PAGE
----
This paper (slightly amended here) first appeared in the March Issue of the 'Skeptical Adversaria' (the Newsletter of ASKE, the Association for Skeptical Enquiry), 2007, pp1-2.
Several weeks ago, while I was out my wife took a call from an elderly gentleman who had enquired with the University of Sheffield about a most unusual experience he was having. (I now have only an honorary appointment at the University but have indicated that I am interested in dealing with enquiries about paranormal or unusual phenomena.)
The gentleman, let's call him Mr Johnston, informed my wife that for some weeks or months he had been seeing very vivid faces in his field of vision. The faces were very large (some 'the size of a dinner plate'), bright and colourful. They even 'shimmered' and had halos. Mr Johnston explained to my wife that he was a medium and had researched psychic phenomena for 40 years. When he first saw these faces their eyes were closed. He had consulted friends and colleagues about his experiences and one of them, a clairvoyant, had informed him that the faces would soon open their eyes. Sure enough, one of them had already done so. The clairvoyant also predicted that they would start talking to Mr Johnston, but they had yet to do so. Then Mr Johnston revealed a remarkable fact: he was almost totally blind!
I rang Mr Johnston back and listened to his story. My impression was that he was an intelligent and rational man. Visual hallucinations may, of course, be a symptom of mental illness but they are not that common and one would normally expect other evidence of loss of contact with reality if they were of such a nature.
Mr Johnston described to me how, in the years of his involvement with spiritualism and psychic phenomena, he had had many wonderful experiences, but nothing like the faces he was seeing had ever 'come through' before. He reiterated his account of what his clairvoyant friend had told him and it was clear that he and his colleagues were fascinated and excited by what was happening.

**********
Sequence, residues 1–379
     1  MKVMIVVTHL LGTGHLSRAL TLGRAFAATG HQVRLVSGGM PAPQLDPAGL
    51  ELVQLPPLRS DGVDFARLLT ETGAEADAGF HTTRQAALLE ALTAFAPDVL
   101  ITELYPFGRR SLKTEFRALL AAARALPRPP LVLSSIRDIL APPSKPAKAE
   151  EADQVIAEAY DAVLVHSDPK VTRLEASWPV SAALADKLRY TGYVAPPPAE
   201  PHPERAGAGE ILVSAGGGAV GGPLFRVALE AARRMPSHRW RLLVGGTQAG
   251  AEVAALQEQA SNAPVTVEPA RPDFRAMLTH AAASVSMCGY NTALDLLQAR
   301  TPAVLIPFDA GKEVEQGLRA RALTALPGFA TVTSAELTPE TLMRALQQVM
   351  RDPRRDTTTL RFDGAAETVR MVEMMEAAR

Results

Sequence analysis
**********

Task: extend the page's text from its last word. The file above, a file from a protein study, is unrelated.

Mr Johnston was hoping to be able to photograph the faces. He explained that his friends had already attempted to do this. He had projected one of the faces onto the back of one of his hands and someone had photographed his hand. No face was present on the print but some wisps of smoke seemed to be coming from the image of his hand. Mr Johnston wondered if they were using the wrong camera and asked me if I, as 'an expert' on these matters, could bring the right sort of camera along to take some photographs.
My best, though uninformed, guess was that Mr Johnston's experiences were physiologically related to his blindness and originated in his own visual system, perhaps in the form of sensory aberrations that the higher centres of his brain were elaborating upon, thus giving him the experience of seeing meaningful stimuli. I explained my theory to Mr Johnston but emphasised to him that I had no expertise whatever in this field. I added that if I were correct, then it would not be possible to photograph the faces, as they were not external to him. I also informed him that I knew nothing at all about photography, having never in my life personally owned a camera.
I then asked Mr Johnston what was the cause of his limited vision. He replied that it was a condition called macular degeneration. I was vaguely aware of the nature of this and later inspection of some basic literature confirmed that it refers to the degeneration of layers of tissue under the macula, the most sensitive area of the retina. I advised Mr Johnston that it would be a good idea for him to have a word with his eye specialist, who would be able to tell him if his experiences were related to his condition and perhaps tell him about the experiences of other patients. I also suggested that one of his friends do an Internet search for him, typing in 'macular degeneration' and 'hallucinations'. Mr Johnston was very receptive to this advice and said that he had a friend who was very familiar with the Internet. He seemed genuinely very grateful for my suggestion.